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On December 23,2019, Cai Fang, vice president of the Chinese Academy of Social Sciences, wrote in a People's Daily article,\" Creating a second demographic dividend,\" arguing that to create a second demographic dividend, we should not only increase the savings rate, but also increase human capital to promote higher total factor productivity and maintain a higher return on investment. In the final analysis, raising human capital depends on education.
In response to this view, zhou tianyong, a professor at the central party school, published a paper entitled \"there is no chance of a second demographic dividend for economic growth in the case of overcapacity \", stressing that the national economy is a combination of supply and demand. Without human demand, there is no need for production and supply at all. The article asks, the population is reduced, the human needs are also reduced, then, the high-quality labor force and the creation of products and services, who will consume and enjoy?
Clearly, mr. tsai is focusing on the supply side of the economic cycle, and mr. zhou thinks the bigger problem is on the demand side. Although supply and demand are one and two sides, but compared to supply, demand is a more basic driving force. We also believe that the greater harm to the economy of ultra-low fertility is the decline in demand size and diversity, not in capital and labour shortages. This coincides with professor zhou tianyong.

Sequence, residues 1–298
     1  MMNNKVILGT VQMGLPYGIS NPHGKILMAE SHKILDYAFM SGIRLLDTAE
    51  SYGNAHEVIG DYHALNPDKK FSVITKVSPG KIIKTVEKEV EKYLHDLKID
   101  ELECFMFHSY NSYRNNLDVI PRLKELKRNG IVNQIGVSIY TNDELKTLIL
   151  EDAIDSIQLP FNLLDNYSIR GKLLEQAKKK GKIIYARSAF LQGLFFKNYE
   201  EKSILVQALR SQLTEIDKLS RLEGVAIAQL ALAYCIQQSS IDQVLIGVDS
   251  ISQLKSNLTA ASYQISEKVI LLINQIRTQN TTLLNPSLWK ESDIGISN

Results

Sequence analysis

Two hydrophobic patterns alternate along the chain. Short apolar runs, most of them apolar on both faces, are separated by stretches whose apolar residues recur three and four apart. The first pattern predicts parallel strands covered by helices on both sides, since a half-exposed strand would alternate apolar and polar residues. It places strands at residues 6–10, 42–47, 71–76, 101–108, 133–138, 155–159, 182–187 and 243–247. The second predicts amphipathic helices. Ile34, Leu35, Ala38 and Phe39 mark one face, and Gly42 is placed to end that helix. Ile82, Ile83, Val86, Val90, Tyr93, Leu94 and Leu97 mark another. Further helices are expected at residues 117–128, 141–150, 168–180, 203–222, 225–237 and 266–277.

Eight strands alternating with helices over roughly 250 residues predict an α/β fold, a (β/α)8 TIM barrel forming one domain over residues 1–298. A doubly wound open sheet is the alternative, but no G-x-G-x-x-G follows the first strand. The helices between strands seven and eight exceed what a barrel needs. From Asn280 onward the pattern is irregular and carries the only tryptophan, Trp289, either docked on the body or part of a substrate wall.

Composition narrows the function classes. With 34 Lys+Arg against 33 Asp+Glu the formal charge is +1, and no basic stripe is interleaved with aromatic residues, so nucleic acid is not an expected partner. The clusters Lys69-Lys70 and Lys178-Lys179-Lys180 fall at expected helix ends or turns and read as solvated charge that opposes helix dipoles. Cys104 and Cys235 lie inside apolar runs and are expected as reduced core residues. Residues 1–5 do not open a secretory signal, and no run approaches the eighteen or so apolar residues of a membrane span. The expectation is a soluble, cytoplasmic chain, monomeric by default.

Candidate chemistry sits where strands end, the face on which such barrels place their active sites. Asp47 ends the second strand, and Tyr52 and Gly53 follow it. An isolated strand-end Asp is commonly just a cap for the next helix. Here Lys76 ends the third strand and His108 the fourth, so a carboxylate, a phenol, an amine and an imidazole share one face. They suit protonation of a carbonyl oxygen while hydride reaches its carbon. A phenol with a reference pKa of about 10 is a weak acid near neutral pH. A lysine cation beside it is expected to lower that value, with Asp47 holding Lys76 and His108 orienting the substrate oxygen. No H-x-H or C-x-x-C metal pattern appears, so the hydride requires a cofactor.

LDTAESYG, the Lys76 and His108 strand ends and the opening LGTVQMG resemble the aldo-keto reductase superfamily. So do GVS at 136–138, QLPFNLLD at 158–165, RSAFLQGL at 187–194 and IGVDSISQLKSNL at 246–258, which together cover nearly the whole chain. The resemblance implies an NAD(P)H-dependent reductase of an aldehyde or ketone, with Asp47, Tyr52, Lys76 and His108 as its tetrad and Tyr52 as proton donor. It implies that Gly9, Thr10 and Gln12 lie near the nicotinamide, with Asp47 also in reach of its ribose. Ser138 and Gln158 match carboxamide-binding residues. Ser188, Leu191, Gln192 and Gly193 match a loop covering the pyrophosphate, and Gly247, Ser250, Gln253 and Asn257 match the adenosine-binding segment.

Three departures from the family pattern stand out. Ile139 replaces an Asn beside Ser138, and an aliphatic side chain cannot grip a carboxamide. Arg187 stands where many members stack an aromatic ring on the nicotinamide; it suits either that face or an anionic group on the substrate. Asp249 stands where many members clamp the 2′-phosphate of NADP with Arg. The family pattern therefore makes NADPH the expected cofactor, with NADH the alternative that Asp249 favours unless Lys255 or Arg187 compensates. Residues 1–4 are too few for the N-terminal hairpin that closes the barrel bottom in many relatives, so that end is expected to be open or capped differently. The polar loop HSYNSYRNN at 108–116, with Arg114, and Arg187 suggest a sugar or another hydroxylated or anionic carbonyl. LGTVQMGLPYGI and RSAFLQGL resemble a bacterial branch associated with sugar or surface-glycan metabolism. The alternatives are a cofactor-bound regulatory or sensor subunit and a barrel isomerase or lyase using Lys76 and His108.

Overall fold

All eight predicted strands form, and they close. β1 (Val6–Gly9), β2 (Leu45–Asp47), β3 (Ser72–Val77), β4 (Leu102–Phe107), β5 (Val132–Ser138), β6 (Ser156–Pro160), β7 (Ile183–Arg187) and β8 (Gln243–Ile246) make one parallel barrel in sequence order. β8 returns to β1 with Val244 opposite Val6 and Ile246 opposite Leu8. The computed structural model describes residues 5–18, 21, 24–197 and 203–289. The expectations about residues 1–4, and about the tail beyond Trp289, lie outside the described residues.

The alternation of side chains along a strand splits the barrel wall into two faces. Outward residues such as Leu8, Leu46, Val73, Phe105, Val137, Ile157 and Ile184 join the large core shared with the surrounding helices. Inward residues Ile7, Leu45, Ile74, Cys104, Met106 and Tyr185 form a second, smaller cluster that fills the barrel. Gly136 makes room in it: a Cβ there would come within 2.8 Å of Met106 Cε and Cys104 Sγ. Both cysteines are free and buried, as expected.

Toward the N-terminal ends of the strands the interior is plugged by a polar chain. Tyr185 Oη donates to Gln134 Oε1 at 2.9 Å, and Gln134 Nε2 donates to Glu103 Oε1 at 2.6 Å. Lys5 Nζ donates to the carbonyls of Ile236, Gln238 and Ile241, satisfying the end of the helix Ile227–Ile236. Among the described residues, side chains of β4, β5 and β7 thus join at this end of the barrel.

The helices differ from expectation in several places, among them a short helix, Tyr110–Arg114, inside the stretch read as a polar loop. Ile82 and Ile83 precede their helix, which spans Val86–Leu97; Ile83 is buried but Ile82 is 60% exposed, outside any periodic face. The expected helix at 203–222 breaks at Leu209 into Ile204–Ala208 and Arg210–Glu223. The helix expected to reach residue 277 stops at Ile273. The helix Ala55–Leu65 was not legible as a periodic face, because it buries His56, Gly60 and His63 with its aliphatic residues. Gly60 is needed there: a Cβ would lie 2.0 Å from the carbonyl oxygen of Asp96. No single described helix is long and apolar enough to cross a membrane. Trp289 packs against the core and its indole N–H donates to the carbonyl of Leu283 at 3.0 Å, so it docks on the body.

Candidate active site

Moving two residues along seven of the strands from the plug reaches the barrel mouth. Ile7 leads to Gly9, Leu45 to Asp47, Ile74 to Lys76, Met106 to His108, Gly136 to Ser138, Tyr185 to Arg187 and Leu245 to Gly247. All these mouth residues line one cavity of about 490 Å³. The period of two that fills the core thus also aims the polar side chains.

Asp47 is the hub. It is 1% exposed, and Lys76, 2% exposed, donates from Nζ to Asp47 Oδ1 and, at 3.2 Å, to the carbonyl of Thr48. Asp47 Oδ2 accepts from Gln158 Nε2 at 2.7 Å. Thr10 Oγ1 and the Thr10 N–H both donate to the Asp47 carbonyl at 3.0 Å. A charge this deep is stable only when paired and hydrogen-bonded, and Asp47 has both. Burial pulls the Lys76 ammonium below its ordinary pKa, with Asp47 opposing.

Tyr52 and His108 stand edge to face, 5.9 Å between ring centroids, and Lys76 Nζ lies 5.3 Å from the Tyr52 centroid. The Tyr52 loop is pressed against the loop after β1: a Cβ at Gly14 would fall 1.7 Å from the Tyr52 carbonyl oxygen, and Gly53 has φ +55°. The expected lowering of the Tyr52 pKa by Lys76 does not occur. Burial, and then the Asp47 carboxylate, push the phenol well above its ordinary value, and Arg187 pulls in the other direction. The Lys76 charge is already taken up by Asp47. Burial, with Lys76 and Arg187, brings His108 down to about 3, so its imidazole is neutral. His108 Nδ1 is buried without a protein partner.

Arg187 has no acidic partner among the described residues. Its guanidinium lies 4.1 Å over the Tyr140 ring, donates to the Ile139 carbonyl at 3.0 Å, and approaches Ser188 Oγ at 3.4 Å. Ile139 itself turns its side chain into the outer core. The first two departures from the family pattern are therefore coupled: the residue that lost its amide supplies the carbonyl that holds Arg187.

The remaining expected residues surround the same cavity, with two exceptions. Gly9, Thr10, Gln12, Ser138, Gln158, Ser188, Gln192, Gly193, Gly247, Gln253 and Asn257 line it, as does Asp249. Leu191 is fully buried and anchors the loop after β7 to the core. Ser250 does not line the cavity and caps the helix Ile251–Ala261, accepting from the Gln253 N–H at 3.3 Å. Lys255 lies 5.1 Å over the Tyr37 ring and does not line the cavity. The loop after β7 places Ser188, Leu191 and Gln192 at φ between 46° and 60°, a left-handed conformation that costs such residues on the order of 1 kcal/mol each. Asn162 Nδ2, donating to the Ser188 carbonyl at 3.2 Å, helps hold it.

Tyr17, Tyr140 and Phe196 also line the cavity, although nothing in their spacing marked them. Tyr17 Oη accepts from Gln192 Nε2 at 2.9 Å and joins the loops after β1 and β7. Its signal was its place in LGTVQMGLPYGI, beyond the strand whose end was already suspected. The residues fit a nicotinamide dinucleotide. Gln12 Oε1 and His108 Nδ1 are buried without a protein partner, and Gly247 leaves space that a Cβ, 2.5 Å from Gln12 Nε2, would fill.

In China's economic circles, Cai Fang is the main introducer of foreign theory of demographic dividend. According to this theory, as the fertility rate decreases and the dependency ratio decreases, a larger proportion of output can be used to accumulate, promote technological and industrial progress, and promote economic growth to reap the first demographic dividend. The so-called second demographic dividend is provided that people respond to the need to save more for the aged and secure the capital they need for economic growth.
These theories are favored by population controlists. In their view, a reduction in fertility would bring a first demographic dividend and promote economic development, while an ageing with a higher fertility rate would bring a second demographic dividend and further economic development. By this logic, low fertility is always good.
But low fertility is merely a sacrifice of long-term gain for short-term gain. Short-term lower child dependency ratio, increase per capita income, but long-term increase dependency ratio, reduce per capita income. And because the scale effect is weakened, after deducting the factors such as technological progress and urbanization, the later period will decrease more than the previous increase.